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1 of 1 people found the following review helpful
4.0 out of 5 stars As Macro and Cato meet they are polar opposites, who become good friends
Under the Eagle is the first book in the Eagle Series, by Simon Scarrow. The book opens with a small preface set during the first Roman invasion of Britain in 55 BC. As a group of legionaries lose the army's pay chest in a marsh while withdrawing to the ships. The narrative then proceeds to the German frontier in AD 43, where a new draft of recruits is arriving at the...
Published 1 month ago by Sussman

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2 of 3 people found the following review helpful
3.0 out of 5 stars Odd use of language
Whilst the book is a very accessable and enjoyable romp it is, I feel, let down by it's use of very modern langauge and terms of reference.

All the profanity uses current anglo saxon terms where a 'by Jupiters Moon' would have been more fitting and in context. That said, the one phrase that made me wonder out loud was something along the lines 'as unsteady as...
Published on 19 Jan 2011 by play_monkey


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1 of 1 people found the following review helpful
4.0 out of 5 stars As Macro and Cato meet they are polar opposites, who become good friends, 3 Aug 2014
By 
Sussman "Sussman" (London CA) - See all my reviews
(TOP 100 REVIEWER)    (VINE VOICE)   
Under the Eagle is the first book in the Eagle Series, by Simon Scarrow. The book opens with a small preface set during the first Roman invasion of Britain in 55 BC. As a group of legionaries lose the army's pay chest in a marsh while withdrawing to the ships. The narrative then proceeds to the German frontier in AD 43, where a new draft of recruits is arriving at the base of the Second Legion.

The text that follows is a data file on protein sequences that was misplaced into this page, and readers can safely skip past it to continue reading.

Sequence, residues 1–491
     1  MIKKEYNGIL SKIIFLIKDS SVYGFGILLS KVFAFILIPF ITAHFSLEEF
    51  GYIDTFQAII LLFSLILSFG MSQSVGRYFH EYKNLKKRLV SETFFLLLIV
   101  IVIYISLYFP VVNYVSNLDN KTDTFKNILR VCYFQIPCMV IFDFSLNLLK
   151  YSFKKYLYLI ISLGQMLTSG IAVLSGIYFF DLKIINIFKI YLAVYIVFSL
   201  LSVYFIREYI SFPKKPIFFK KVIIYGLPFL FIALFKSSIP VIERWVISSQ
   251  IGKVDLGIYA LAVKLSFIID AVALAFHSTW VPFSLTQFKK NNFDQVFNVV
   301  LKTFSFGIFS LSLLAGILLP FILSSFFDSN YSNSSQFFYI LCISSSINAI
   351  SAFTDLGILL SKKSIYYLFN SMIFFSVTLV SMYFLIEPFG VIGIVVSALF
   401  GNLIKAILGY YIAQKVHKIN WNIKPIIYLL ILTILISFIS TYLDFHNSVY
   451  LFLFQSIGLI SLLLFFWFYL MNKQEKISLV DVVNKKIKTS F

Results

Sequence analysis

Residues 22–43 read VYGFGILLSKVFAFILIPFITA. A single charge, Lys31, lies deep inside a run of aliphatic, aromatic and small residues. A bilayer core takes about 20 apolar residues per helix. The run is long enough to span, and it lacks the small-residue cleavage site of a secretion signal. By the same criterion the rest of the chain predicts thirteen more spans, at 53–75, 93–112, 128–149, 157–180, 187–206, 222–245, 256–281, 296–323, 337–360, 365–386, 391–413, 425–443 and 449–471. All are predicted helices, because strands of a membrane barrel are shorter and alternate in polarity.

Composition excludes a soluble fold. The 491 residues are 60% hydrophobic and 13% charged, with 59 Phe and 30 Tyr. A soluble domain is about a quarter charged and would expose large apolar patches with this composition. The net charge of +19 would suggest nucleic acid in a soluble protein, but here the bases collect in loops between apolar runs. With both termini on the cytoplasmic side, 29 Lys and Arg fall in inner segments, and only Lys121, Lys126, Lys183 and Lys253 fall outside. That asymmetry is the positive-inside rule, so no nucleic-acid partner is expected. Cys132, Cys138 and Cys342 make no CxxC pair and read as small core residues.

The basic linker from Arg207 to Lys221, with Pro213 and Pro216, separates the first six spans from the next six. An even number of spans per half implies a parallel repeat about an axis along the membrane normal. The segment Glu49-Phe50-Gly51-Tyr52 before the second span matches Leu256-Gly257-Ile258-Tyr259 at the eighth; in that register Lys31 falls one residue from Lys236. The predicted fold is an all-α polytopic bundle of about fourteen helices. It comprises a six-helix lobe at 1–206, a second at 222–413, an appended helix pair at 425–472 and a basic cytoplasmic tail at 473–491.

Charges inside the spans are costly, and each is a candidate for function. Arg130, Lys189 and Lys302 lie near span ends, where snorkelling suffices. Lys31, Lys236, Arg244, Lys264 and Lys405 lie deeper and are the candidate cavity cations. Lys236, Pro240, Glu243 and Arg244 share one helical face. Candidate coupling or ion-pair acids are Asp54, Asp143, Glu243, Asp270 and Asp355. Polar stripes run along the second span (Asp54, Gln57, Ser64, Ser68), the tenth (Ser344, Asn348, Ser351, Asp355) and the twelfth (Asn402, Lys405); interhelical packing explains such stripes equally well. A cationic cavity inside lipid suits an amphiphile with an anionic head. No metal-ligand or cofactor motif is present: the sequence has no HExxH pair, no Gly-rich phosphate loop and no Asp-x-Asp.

We are then introduced to the two main protagonists; Quintus Licinius Cato and Lucius Cornelius Macro, are both Roman soldiers. Macro, a veteran with nearly 15 years’ service (at the start of the first novel) within the Roman Army, has recently been appointed to the Centurionate; Cato is subsequently made his Optio. From the get go straight Under the Eagle into the action and the reader is given a vivid account of in the Rome Army on the Rhine Frontier. For those of you who have sampled other books in the series you will no doubt be familiar with Mr Scarrow's approach to action scenes as the reader is immersed into the narrative, better than some video game. What you also get in this book are some new and interesting plot threads and the building of solid friendship between Optio and Centurion. There is action seen in Germany where the Romans are involved battle/skirmish with German tribesman. The action later on shifts to the second invasion of Britain by a Roman army.

Mr Scarrow also pays attention to historical element - the reader gets a thought-provoking look into Roman military society and here we really get to see the differences between say the new recruit and the veteran soldiers. The dialogue is framed in such a way - so you really get a feel for the merits of this book. The pacing, as ever is good, and is pretty engrossing as well as entertaining and at time amusing. Under the Eagle is literally edge of your seat stuff, as the author has mastered the art of balancing between well moulded characters and pulling the reader into their `world'. The characters of Macro and Cato are polar opposites, for they are the centre piece of the narrative and the series, they are really well crafted characters. They do not fail in keeping the readers interest; after all `we' the readers have `invested' ourselves in their lives - warts and all.
So, if you're interested in reading about the rich tapestry of Imperial Roman army and the Empire they forged, or you are already familiar with Simon Scarrow's Eagle series - then look no further as Under the Eagle will be right up your street. Great story telling that only Simon Scarrow could have put together.